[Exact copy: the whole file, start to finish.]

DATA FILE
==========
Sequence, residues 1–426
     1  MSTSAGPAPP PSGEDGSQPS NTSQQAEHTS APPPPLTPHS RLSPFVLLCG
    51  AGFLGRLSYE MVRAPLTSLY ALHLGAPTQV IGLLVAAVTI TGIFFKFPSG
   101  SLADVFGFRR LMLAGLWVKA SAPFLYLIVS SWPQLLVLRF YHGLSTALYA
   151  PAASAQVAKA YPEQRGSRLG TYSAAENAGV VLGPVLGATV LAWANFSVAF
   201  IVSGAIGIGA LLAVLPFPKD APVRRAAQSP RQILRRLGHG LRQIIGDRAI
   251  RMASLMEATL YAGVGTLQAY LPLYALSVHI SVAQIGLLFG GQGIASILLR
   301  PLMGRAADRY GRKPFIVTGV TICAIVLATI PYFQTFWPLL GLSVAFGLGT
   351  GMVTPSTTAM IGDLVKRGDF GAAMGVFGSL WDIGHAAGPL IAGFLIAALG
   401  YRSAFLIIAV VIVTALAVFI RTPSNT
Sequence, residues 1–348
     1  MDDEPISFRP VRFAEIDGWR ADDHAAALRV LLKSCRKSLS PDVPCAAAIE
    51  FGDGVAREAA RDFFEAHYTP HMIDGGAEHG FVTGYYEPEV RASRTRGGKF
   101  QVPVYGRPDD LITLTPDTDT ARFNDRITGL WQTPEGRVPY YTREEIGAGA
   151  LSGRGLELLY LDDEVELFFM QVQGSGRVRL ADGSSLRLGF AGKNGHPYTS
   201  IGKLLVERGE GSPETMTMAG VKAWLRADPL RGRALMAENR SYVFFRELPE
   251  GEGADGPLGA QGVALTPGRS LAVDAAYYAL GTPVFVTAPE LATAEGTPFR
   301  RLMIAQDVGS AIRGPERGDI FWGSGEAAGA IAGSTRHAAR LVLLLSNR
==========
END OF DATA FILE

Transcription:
Sequence, residues 1–426
     1  MSTSAGPAPP PSGEDGSQPS NTSQQAEHTS APPPPLTPHS RLSPFVLLCG
    51  AGFLGRLSYE MVRAPLTSLY ALHLGAPTQV IGLLVAAVTI TGIFFKFPSG
   101  SLADVFGFRR LMLAGLWVKA SAPFLYLIVS SWPQLLVLRF YHGLSTALYA
   151  PAASAQVAKA YPEQRGSRLG TYSAAENAGV VLGPVLGATV LAWANFSVAF
   201  IVSGAIGIGA LLAVLPFPKD APVRRAAQSP RQILRRLGHG LRQIIGDRAI
   251  RMASLMEATL YAGVGTLQAY LPLYALSVHI SVAQIGLLFG GQGIASILLR
   301  PLMGRAADRY GRKPFIVTGV TICAIVLATI PYFQTFWPLL GLSVAFGLGT
   351  GMVTPSTTAM IGDLVKRGDF GAAMGVFGSL WDIGHAAGPL IAGFLIAALG
   401  YRSAFLIIAV VIVTALAVFI RTPSNT
Sequence, residues 1–348
     1  MDDEPISFRP VRFAEIDGWR ADDHAAALRV LLKSCRKSLS PDVPCAAAIE
    51  FGDGVAREAA RDFFEAHYTP HMIDGGAEHG FVTGYYEPEV RASRTRGGKF
   101  QVPVYGRPDD LITLTPDTDT ARFNDRITGL WQTPEGRVPY YTREEIGAGA
   151  LSGRGLELLY LDDEVELFFM QVQGSGRVRL ADGSSLRLGF AGKNGHPYTS
   201  IGKLLVERGE GSPETMTMAG VKAWLRADPL RGRALMAENR SYVFFRELPE
   251  GEGADGPLGA QGVALTPGRS LAVDAAYYAL GTPVFVTAPE LATAEGTPFR
   301  RLMIAQDVGS AIRGPERGDI FWGSGEAAGA IAGSTRHAAR LVLLLSNR